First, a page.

Saya What? A Small Company and the Underserved 3.8 billion User Emerging Economy Mobile Market
There are around 5.3 billion mobile subscribers across the world, meaning 77% of the world’s population uses a phone. Around 3.8 billion of these mobile users live in emerging economies. Mobile solution provider, and TechCrunch Disrupt start-up Saya (pronounced, Say-yah), wants to be part of that market—the unsaturated part. The company’s solution targets the most basic, lowest priced phones that access the internet.
Available on J2ME, Blackberry (and soon Android and iOS platforms), Saya allows users to message phone and Facebook contacts, as well as conduct random streetchats with nearby users. Saya’s Java solution creates smartphone-like features for traditional mobile phones and integrates three chat types into a single application. The company’s goal? To cultivate consumers from the billions of people around the world who aren’t smart-phone enabled.
Emerging Economies Mobile Market
Just how big is this market? Big today, and bigger tomorrow. Industry expert Vision Mobile’s Mobile Megatrends report illustrates the market opportunity.
Across the board, analysts agree on the growth of non-smart broadband phones, particularly in emerging markets. In fact, as NASDAQ reports, once-prominent Nokia is banking on it as a major part of their strategy to regain market relevance. The company is aggressively introducing “feature phones” like the Nokia 110 to emerging markets like India and Indonesia. These and other countries provide a huge demand for feature phones, where Nokia doesn’t have to compete against price-prohibitive Apple iPhones.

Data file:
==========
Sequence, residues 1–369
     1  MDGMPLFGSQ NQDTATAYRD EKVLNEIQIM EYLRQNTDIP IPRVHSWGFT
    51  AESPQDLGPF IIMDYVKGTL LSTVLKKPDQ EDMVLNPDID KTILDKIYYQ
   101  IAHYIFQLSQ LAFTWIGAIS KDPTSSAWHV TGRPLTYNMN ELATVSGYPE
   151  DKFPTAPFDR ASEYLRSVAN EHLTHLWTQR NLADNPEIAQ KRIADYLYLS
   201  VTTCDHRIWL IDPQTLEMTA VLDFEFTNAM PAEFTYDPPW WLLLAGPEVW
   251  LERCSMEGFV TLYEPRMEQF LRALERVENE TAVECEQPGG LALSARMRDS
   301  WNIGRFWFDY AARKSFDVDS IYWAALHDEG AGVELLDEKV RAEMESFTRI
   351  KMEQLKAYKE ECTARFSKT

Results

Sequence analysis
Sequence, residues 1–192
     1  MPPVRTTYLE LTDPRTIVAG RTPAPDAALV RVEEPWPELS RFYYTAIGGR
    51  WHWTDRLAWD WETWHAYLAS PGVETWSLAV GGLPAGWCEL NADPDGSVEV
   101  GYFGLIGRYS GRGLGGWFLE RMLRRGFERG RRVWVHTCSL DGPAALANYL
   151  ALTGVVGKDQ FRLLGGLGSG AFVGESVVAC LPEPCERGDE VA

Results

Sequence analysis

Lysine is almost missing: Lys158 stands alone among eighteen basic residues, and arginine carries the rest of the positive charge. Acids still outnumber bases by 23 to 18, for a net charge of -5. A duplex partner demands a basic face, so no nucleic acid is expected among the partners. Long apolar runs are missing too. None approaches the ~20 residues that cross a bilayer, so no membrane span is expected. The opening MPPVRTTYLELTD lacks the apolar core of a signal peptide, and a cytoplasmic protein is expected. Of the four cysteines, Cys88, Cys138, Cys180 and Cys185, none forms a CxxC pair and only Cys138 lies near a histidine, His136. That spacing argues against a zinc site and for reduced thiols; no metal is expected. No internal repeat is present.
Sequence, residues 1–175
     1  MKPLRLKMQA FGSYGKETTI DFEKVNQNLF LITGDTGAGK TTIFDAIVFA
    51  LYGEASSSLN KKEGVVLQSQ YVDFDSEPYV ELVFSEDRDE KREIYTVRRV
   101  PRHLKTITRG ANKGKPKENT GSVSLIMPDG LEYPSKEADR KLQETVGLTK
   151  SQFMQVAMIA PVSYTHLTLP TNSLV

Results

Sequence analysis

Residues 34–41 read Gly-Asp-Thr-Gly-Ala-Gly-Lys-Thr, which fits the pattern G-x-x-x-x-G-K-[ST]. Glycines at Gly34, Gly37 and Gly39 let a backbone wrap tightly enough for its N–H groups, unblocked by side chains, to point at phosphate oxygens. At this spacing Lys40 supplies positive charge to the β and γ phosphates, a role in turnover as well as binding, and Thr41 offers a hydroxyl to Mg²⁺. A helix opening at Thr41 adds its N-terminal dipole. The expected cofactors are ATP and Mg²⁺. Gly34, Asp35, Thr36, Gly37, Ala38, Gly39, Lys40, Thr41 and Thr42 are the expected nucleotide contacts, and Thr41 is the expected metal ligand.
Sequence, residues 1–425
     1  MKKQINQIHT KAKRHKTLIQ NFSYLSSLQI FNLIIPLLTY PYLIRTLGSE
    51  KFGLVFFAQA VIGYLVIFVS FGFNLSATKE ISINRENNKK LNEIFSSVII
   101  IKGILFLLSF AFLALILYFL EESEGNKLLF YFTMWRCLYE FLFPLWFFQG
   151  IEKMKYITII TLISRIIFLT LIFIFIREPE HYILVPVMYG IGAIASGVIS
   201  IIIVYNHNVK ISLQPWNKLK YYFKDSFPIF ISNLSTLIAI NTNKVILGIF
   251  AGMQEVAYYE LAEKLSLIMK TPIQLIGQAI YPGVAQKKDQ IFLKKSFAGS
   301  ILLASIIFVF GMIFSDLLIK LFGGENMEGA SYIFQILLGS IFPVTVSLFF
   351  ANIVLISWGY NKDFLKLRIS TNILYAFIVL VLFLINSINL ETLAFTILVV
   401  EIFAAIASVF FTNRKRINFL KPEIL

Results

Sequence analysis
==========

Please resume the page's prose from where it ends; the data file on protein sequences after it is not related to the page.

Phones like the 110 are internet-ready, dual-SIM enabled, but possessing far fewer capabilities than smartphones. Essentially, each of these phones is Saya-ready, and that’s what the company is banking on. In countries that can’t produce the infrastructure support demand for smartphones, feature phones are highly desirable. And in these same markets where consumer disposable income is limited, a solution like Saya’s is primed for adoption.
Where traditional SMS messages can cost around $0.01 a piece, Saya’s solution registers at more like $0.01 per month. They do this with ads, but relevant ones. Relevant because they are location based. Saya is banking on this being a trade-off users will accept, and initial metrics indicate they’re right. The company’s initial “alpha” invitation to 2,000 users quickly grew to 400,000. This, because each new user was encouraged to invite others. That number then grew to 9 million invitations across several countries, and things were put on hold.Continued on the next page